afrol News, 17 October - There are reports of an escalation of human rights violations and ethnic killings in the Ituri region in north-eastern Congo Kinshasa (DRC). The international community is pleaded "to take urgent action" to prevent further massacres or even genocide in the war-ravaged region.
The human rights group Amnesty International says it is receiving "consistent reports of large-scale killings of unarmed civilians that are carried out, ordered and condoned by leaders using ethnic affiliations to acquire or maintain economic and political power."
As a result, armed clashes between members of the Hema and Lendu ethnic groups had left an estimated 50,000, mainly civilian, dead since June 1999, and forced around 500,000 people to flee, with 60,000 displaced in Bunia, the capital of Ituri province, alone. The group now fears the tense situation might trigger genocide.
According to Irene Khan, Amnesty's Secretary-General, "there have been mass killings and targeted rapes based on ethnic identity. Extremist calls for 'ethnically pure towns and villages'" have increasingly been spread. Extremists who were once on the margins of the ethnic groups are now in leading positions. As extreme hatred is escalating, Amnesty International fears that deliberate incitement could lead to the possibility of genocide."
Aside from the deepening violence directed against civilian communities, the repeated political divisions and ethnic-based violence further had had "a disastrous impact on international humanitarian agencies operating in the region. Certain agencies have been deliberately targeted for threats, obstruction and even killings," the group reports.
In an open letter to the United Nations Security Council, Ms Khan, today called for urgent attention to be given to the escalation of human rights violations in the Congolese Ituri region. The Security Council will meet today to consider the new report of Secretary-General Kofi Annan on the UN's Organisation Mission in the Congo (MONUC).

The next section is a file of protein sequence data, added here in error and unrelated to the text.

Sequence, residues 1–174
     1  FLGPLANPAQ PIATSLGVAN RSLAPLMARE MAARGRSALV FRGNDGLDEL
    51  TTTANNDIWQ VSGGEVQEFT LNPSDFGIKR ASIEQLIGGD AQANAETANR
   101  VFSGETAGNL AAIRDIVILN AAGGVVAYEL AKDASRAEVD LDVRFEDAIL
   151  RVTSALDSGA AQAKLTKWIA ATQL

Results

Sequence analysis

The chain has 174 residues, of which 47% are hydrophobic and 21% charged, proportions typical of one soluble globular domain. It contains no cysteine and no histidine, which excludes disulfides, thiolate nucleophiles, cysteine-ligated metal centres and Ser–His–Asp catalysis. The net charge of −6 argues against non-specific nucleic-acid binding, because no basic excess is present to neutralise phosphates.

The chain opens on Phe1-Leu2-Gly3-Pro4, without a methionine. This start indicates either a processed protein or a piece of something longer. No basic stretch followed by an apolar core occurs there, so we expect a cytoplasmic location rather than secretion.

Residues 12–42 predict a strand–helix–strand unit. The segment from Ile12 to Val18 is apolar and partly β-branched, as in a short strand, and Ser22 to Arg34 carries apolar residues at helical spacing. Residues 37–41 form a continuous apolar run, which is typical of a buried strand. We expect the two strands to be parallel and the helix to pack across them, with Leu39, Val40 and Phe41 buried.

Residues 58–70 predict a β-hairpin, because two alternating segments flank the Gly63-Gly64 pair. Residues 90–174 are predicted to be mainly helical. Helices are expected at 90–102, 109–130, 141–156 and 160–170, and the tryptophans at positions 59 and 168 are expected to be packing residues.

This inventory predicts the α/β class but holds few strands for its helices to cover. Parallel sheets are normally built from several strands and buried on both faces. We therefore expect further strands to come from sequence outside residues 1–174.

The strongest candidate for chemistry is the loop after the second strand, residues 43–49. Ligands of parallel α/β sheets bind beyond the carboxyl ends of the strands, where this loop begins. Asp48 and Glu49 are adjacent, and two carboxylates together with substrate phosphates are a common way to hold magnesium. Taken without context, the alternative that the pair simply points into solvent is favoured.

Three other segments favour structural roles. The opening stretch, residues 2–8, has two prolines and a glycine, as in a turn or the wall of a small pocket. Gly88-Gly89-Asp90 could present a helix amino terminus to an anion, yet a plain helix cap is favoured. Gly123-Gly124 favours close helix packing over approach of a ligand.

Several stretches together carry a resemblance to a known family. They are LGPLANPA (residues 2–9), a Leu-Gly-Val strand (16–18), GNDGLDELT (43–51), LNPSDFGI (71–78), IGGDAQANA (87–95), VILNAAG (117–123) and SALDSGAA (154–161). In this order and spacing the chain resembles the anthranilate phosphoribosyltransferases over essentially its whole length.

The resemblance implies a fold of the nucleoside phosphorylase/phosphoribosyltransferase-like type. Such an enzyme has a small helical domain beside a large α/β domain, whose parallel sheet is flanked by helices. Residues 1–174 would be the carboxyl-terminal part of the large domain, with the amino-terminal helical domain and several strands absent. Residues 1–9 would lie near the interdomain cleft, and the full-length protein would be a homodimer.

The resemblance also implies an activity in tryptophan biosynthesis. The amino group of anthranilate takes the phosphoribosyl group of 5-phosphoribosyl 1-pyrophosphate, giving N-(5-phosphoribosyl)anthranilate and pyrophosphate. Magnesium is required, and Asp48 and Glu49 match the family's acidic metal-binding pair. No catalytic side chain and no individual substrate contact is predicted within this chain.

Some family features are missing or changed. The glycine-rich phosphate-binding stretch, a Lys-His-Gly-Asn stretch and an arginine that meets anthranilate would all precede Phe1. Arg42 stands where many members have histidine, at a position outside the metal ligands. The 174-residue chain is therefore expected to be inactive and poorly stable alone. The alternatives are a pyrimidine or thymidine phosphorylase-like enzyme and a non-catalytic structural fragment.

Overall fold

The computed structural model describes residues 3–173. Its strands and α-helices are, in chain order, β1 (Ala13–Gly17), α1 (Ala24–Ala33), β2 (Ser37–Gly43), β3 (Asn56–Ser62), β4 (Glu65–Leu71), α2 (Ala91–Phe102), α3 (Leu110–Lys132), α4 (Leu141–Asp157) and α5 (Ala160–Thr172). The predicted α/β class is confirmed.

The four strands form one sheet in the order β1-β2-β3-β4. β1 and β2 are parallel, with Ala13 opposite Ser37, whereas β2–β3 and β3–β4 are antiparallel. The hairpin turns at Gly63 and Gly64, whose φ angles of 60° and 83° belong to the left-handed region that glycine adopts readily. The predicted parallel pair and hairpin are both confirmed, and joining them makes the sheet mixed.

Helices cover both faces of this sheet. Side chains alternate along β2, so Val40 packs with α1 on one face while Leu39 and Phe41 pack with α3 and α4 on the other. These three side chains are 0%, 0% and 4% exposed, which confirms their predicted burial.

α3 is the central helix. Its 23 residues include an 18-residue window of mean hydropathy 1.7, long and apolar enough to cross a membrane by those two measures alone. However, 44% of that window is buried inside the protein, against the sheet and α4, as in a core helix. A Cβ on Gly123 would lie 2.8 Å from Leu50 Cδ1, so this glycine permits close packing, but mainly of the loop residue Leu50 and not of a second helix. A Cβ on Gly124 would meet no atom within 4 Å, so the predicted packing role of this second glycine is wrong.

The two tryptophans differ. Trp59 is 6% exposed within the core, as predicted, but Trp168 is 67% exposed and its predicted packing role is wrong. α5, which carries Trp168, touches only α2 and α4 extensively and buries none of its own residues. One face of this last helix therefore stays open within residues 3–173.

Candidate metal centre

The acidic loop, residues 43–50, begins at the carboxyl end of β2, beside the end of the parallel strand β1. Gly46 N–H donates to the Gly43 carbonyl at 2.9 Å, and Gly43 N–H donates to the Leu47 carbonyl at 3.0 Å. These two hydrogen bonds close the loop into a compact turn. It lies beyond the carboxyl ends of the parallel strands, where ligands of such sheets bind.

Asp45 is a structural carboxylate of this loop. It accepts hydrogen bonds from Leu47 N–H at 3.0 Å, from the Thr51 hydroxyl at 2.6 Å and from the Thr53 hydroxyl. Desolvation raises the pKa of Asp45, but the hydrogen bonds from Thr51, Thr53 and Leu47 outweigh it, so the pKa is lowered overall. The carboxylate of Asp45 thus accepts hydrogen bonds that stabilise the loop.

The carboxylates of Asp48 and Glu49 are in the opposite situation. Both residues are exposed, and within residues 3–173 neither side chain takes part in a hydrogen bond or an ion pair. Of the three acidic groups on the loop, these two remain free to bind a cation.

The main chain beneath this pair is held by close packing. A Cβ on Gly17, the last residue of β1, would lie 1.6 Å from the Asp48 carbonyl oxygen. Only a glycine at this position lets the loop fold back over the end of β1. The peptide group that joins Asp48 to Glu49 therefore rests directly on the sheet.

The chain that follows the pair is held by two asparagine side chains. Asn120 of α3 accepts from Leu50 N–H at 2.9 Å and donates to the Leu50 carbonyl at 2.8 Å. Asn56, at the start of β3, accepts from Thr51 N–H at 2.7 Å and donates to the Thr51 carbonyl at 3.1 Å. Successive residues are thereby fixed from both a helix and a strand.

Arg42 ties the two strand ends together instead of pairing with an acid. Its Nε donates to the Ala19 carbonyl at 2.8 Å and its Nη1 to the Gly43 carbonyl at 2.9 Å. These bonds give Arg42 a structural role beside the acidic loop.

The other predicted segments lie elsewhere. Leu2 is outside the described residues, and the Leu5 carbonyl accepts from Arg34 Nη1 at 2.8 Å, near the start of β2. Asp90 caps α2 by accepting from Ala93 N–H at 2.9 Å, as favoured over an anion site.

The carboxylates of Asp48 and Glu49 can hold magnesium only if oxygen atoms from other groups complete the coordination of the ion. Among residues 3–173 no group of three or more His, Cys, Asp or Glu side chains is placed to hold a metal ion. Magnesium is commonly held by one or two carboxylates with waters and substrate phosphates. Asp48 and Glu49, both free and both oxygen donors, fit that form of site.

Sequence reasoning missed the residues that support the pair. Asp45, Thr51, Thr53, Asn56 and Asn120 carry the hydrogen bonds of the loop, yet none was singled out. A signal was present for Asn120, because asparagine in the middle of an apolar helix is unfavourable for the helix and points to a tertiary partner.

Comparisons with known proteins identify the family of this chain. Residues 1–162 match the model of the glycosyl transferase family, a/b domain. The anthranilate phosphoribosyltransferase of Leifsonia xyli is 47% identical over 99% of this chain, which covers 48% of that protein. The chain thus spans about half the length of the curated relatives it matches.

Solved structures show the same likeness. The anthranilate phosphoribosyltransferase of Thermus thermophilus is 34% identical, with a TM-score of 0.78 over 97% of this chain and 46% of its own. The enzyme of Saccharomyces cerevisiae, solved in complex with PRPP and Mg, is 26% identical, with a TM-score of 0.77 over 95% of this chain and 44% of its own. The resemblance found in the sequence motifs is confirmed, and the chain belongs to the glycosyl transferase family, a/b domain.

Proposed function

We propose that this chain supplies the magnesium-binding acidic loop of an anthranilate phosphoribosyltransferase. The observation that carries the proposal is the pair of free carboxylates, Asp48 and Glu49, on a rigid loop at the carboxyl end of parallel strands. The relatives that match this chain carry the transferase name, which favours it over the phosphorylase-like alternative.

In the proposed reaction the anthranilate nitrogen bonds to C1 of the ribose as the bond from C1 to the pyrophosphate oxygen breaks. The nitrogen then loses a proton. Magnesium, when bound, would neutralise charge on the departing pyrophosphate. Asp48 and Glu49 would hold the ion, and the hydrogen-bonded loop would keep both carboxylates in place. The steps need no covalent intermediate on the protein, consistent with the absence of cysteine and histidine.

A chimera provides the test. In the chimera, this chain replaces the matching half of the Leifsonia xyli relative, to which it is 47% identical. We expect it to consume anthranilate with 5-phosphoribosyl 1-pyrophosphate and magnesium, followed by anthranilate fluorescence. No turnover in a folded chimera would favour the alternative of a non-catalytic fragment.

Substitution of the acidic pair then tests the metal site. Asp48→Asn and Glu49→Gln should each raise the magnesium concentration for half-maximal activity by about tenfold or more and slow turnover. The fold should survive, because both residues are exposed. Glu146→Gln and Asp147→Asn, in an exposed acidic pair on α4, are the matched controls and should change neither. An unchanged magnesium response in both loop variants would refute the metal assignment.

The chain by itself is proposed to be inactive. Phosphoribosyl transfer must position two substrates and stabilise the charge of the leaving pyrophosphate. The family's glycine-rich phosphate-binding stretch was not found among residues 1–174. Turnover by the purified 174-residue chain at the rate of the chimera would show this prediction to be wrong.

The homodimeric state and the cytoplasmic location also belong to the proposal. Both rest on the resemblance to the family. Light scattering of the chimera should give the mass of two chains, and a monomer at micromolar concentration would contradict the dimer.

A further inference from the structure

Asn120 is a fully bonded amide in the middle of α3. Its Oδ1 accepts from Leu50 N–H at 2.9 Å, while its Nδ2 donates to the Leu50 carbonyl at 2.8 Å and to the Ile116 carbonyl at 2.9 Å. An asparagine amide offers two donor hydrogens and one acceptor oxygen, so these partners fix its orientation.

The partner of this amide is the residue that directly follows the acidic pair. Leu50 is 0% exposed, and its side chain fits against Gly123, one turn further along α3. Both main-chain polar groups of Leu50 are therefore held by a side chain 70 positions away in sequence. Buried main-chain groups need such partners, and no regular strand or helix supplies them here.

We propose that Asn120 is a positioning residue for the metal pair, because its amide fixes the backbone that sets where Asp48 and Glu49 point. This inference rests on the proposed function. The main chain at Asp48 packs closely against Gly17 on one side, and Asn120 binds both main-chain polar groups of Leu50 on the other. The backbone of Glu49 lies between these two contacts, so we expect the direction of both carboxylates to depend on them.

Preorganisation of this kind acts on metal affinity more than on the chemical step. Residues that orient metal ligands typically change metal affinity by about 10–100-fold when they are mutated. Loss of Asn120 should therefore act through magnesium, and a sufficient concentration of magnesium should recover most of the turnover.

- The intensification of ethnic killings and extremist behaviours in Ituri is such that the international community needs to take urgent action, the Ms Khan states. In particular, the human rights group was calling for the Security Council to increase the numbers of observers in the region in order to dissuade further attacks against civilians and to ensure that attacks against civilians are investigated and monitored.
Amnesty strongly supported the possibility of training a civilian police force to ensure the safety of the local populations, as suggested by the UN Special Representative to the Congo. In particular, the group urged the Security Council to "fully implement the mandate of the MONUC and take the necessary action to protect both the civilian population and its personnel."
Since 1998 the Uganda People's Defence Forces (UPDF) have occupied the mineral-rich province of Ituri in the north-eastern part of Congo Kinshasa. "Members of the UPDF have supported rival armed political groups," Amnesty charges, "allowing violence between different Congolese ethnic groups to escalate, while at the same time instigating wide-spread human rights violations."
The group believes that since 1999, "members of the UPDF have taken part in attacks on unarmed civilians and have committed atrocities in the context of the armed conflict." Given that the UPDF had not only failed to protect unarmed civilians but has also played an active part in violations of human rights, Amnesty believed that "it is the international community's responsibility to prevent the deterioration of the situation."
Sources: Based on
Amnesty and afrol archives